Our study plans to quantify the effect of higher temperatures on different
critical Turkish health outcomes mainly to chart future developments and
to identify locations in Turkey that may be potential vulnerable hotspots.
The general structure of the temperature mortality function was estimated
with different fixed-level effects, with a specific focus on the mortality effect
of maximum apparent temperature. Regional models were fitted to pinpoint
the thresholds where the temperature–mortality relation changes, thus
investigating whether the thresholds are determined nationally or regionally.
The future patterns were estimated by extrapolating from future temperature
trends: analyzing possible future mortality trends under the restricting
assumption of minimal acclimation. Using the fixed effect regression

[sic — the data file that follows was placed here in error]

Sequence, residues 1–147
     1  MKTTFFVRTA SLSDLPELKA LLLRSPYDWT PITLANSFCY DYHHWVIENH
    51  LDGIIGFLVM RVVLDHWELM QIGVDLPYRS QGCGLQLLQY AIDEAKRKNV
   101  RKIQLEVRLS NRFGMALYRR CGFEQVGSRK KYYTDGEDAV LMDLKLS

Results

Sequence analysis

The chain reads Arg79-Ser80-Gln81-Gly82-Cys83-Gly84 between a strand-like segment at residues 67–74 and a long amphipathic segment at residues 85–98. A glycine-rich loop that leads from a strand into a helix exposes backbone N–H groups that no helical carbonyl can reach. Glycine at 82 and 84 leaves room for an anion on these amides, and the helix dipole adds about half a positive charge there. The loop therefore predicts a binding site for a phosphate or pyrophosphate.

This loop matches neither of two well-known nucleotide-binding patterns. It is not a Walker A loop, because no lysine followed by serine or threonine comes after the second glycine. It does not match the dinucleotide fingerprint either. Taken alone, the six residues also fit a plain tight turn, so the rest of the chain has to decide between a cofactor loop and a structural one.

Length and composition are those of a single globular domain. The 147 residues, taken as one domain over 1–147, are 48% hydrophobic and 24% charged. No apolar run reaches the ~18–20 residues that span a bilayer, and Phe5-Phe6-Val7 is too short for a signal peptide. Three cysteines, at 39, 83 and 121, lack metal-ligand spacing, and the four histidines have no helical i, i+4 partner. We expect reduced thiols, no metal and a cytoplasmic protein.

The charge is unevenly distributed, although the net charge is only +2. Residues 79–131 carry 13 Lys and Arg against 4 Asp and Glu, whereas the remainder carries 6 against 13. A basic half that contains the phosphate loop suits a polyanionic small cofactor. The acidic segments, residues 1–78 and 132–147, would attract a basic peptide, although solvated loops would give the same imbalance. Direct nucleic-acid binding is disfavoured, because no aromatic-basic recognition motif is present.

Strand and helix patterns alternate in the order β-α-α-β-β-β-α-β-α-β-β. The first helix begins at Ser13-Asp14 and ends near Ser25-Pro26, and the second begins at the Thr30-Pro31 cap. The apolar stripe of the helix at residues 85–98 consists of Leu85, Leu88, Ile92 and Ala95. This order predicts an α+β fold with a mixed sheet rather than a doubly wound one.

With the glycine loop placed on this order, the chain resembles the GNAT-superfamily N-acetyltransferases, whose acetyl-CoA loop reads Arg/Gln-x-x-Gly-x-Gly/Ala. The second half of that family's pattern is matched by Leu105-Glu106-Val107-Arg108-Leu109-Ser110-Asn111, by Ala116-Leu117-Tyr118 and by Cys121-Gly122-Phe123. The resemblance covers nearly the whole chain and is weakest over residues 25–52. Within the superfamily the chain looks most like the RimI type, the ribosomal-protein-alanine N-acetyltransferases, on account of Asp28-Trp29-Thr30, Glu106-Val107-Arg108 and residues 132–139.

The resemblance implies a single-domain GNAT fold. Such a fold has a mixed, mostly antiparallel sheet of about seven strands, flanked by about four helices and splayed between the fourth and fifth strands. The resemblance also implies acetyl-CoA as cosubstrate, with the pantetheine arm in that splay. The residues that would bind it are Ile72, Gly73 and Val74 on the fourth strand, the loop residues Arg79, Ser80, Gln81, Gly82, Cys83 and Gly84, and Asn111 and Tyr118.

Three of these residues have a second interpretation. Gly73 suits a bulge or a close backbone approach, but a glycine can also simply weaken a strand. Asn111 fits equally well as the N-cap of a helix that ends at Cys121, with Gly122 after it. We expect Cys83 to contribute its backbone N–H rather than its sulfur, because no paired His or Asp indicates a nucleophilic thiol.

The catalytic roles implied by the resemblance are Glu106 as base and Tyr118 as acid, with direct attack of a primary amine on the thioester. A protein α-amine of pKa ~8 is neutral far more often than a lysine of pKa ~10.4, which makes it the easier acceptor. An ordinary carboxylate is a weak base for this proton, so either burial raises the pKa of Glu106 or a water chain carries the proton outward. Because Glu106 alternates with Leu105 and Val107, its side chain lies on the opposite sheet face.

structure, social and developmental variables acting as heat effect modifiers
were also identified. In the largest dataset, the initial fixed effect regression
specification supports the hypothesis summarized by the U-shaped
relationship between temperature and mortality. This is a first corroboration
for Turkish climate and health research. In addition, intermediation effects
were substantiated for the level of urbanization and population density, and
the human development and health development within provinces. Regional
heterogeneity is substantiated by the mortality–temperature relationship and
the significant threshold deviations from the national average.